* European dividends priced for contraction
* U.S. dividend futures implying 10 pct growth
* Ex-financials Europe dividends seen growing
* European earnings forecast to remain stable
By David Brett
LONDON, July 23 The ballooning gap between
expectations for future U.S. and European company dividend
payouts could be set to close as the market has priced in a much
gloomier scenario in Europe than justified by current payouts
and earnings forecasts.
Expectations for payouts in Europe have crumbled on mounting
concerns over global growth and corporate earnings, and the
region's dividends are now priced for steep contraction of 15
percent over the next four years and no growth after that.
By contrast, U.S. payouts are expected to grow around 10
percent over the coming four years.
But some say the European outlook is too gloomy.
"The slope of the European dividend maturity curve suggests
a bearish interpretation of future dividends to come from banks,
telecoms and utilities, which we find overdone," Barclays
European equity strategist Edmund Shing said.
The bearish pricing of European dividend futures - which
track the payouts from all the companies in the Euro STOXX 50
index during a calendar year and convey exposure to dividends
rather than to share prices - re f lects concerns about the euro
zone crisis and the relative economic health of the two regions.
But some analysts say the gap with the United States is
starting to look unjustifiably wide, not least because U.S.
economic data remains patchy, at best, and with top U.S. firms,
including Xerox and Ebay, issuing profit
Across all business sectors, average dividend payouts in
Europe are running at around 42 percent of earnings, far higher
than the 33 percent seen in the United States, which means
investors in Europe get a bigger slice of the bottom line.
Financials, telecoms and utilities - the biggest euro zone
dividend payers - are handing out more than their five-year
average. The dividend yield, which measures a company's payout
relative to its share price, on the Euro STOXX 50 is
5.3 percent, compared with S&P 500 companies on 2.6 percent and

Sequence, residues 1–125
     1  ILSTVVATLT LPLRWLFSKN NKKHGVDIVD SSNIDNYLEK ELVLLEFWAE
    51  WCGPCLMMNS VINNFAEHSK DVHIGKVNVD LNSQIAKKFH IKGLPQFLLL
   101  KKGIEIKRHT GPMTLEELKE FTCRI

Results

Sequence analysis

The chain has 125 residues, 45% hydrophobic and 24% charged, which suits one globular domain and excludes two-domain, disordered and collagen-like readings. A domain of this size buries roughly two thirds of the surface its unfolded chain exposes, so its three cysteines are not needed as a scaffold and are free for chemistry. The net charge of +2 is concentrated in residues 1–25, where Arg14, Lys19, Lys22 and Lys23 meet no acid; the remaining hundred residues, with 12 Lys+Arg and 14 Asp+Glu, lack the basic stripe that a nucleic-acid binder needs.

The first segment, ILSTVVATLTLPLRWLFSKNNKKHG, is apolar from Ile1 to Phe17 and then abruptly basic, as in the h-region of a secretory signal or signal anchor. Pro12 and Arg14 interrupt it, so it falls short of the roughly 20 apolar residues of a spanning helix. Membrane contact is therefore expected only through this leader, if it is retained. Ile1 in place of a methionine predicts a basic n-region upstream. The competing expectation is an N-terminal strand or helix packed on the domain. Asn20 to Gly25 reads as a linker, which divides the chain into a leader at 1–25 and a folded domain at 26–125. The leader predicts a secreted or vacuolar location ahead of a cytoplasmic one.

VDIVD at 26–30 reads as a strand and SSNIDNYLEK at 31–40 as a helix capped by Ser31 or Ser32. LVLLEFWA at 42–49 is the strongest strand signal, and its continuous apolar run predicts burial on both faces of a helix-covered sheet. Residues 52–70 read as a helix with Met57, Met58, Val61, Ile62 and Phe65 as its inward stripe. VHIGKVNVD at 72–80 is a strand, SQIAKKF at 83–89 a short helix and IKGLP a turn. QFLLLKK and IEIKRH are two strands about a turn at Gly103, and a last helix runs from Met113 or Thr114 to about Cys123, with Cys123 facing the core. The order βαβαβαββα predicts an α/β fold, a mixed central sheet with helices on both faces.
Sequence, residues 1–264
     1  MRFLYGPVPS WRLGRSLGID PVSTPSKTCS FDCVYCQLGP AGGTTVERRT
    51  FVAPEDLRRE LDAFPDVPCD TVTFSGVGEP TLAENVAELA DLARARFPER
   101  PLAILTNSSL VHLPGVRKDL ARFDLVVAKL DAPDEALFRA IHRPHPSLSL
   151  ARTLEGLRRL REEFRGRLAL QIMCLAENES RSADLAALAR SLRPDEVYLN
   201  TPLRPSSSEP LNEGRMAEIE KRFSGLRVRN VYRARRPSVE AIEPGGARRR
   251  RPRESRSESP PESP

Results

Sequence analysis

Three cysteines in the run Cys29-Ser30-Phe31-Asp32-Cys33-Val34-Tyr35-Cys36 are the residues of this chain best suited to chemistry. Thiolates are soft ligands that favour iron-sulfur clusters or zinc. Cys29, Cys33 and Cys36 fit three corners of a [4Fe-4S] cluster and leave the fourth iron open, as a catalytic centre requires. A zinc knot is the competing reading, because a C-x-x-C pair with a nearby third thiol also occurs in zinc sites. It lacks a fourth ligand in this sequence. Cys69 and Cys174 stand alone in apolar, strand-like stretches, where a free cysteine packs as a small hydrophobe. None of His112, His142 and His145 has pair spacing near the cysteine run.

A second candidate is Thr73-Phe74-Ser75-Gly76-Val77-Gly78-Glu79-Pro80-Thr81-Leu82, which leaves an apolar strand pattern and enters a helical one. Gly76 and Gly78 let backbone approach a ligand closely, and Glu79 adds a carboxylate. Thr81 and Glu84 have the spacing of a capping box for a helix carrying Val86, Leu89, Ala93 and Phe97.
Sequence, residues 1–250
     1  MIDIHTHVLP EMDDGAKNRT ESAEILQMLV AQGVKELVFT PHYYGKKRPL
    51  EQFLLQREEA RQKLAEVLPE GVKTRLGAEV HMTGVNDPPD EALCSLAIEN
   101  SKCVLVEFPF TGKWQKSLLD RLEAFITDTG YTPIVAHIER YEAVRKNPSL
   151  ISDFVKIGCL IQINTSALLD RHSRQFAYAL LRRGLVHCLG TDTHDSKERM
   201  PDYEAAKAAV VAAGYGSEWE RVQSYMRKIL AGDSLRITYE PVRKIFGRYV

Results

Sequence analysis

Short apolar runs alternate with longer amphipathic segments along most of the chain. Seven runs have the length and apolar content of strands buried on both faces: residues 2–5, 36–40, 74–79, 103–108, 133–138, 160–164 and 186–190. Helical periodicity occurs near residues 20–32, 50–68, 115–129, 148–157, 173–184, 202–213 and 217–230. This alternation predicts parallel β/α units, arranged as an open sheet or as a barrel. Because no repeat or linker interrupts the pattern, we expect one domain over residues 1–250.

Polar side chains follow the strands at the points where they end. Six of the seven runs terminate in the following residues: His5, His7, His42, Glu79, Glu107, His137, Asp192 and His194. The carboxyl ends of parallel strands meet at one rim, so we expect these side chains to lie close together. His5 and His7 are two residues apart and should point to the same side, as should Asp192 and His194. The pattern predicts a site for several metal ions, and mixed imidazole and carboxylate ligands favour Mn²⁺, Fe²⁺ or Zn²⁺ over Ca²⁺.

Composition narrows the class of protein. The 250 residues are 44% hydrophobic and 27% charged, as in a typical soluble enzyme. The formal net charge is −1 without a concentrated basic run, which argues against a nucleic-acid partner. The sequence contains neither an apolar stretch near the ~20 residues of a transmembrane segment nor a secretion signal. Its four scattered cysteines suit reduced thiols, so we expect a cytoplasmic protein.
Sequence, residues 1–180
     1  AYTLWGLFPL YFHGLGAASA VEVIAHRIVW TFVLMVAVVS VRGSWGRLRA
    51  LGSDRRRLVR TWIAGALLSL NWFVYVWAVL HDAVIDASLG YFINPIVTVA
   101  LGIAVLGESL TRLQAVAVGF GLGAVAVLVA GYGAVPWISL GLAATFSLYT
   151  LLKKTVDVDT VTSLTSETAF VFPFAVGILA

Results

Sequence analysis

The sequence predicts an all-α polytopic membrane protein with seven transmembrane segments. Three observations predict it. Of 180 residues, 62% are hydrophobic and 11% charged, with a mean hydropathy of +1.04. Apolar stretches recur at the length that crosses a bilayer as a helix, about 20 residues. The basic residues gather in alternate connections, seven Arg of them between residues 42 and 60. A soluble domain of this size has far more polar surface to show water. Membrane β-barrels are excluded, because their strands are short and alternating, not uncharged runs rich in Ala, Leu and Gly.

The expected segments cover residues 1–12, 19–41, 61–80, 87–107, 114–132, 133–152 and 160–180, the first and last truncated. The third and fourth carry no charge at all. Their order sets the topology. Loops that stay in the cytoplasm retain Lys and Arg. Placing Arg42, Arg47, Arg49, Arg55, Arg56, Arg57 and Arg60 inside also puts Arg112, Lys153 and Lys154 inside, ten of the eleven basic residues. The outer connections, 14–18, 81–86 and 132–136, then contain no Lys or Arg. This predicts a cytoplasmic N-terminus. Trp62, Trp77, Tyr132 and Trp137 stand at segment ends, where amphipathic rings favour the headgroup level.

negative real yields on government bonds.
European payouts may even pick up, as cash-rich companies
baulk at investing in new factories and hires, given the weaker
backdrop, and instead look to keep investors sweet by passing on
"In the non-financial sectors you might even see an uptick
in dividend ... Equities are not capital stocks for the next few
years through fear of deleveraging, so with the outlook for
growth the way it is you might as well pay out your earnings (to
keep people investing)," said Robert Quinn, European strategist
at Standard & Poor's equity research in London.
The prospect of a shift in the European dividend outlook may
create trading opportunities.
When the spread between U.S. and European dividend
expectations gets particularly wide, investors look to sell
exposure to U.S. payouts and buy those of European companies via
the futures market.
"You could buy Europe and sell U.S. if you wanted to do a
hedged trade. That would probably make a decent profit," Tristan
Hanson, head of asset allocation at Ashburton, said.
Ashburton, which has around 1.1 billion sterling ($1.7
billion) under management, has been investing in long-dated Euro
STOXX 50 dividend futures, from 2016 to 2021 , which
they think are trading at unjustifiably cheap valuations.
Part of the reason for the anomaly is due to the popularity
in Europe of so-called structured products, which offer exposure
to the stock market but with limited risk.
These do not usually include dividend exposure, which the
structured product provider tends to sell on via dividend
futures, pushing down prices through over-supply of the
"Europe's got a depressed economic outlook which in itself
is putting downward pressure on dividends. In addition,
structured product flows are also applying further downward
forces on European dividend future prices," said Simon Carter,
head of European equity derivatives options research at Deutsche
"In the U.S. you have a stronger economic backdrop pushing
up dividend growth expectations. Variable annuity fund hedging
activity also acts to push up longer-dated U.S. dividend
futures, which causes the dividend growth curves in the U.S. and
Europe to align in opposite directions," he said.
But the discount still looks very steep compared to earnings
expectations. Looking at current share prices and forward
earnings per share, the market is implying a compound annual
earnings contraction of 3 percent in developed Europe over the
next five years, compared to growth in the United States of
around 3.6 percent.
"The market needs to absorb a little earnings and corporate
disappointment in the first half (of 2012) because of the
slowdown, but I think overall the outlook for earnings is
reasonable and the outlook for dividends even better," Richard
Jeffrey, chief investment officer at Cazenove Capital